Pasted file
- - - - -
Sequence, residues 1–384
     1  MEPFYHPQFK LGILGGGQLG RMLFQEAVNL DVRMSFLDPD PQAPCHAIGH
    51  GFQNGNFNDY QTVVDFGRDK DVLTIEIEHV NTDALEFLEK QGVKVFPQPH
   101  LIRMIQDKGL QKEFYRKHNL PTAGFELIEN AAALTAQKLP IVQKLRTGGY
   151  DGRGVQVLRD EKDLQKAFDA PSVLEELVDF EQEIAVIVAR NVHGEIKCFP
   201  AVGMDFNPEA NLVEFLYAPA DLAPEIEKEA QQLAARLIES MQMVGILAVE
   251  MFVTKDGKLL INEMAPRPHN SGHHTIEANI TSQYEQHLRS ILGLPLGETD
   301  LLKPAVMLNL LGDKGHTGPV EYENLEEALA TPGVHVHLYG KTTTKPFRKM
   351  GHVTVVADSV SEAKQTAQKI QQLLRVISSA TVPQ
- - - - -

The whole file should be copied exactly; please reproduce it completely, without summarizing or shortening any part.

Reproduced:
Sequence, residues 1–384
     1  MEPFYHPQFK LGILGGGQLG RMLFQEAVNL DVRMSFLDPD PQAPCHAIGH
    51  GFQNGNFNDY QTVVDFGRDK DVLTIEIEHV NTDALEFLEK QGVKVFPQPH
   101  LIRMIQDKGL QKEFYRKHNL PTAGFELIEN AAALTAQKLP IVQKLRTGGY
   151  DGRGVQVLRD EKDLQKAFDA PSVLEELVDF EQEIAVIVAR NVHGEIKCFP
   201  AVGMDFNPEA NLVEFLYAPA DLAPEIEKEA QQLAARLIES MQMVGILAVE
   251  MFVTKDGKLL INEMAPRPHN SGHHTIEANI TSQYEQHLRS ILGLPLGETD
   301  LLKPAVMLNL LGDKGHTGPV EYENLEEALA TPGVHVHLYG KTTTKPFRKM
   351  GHVTVVADSV SEAKQTAQKI QQLLRVISSA TVPQ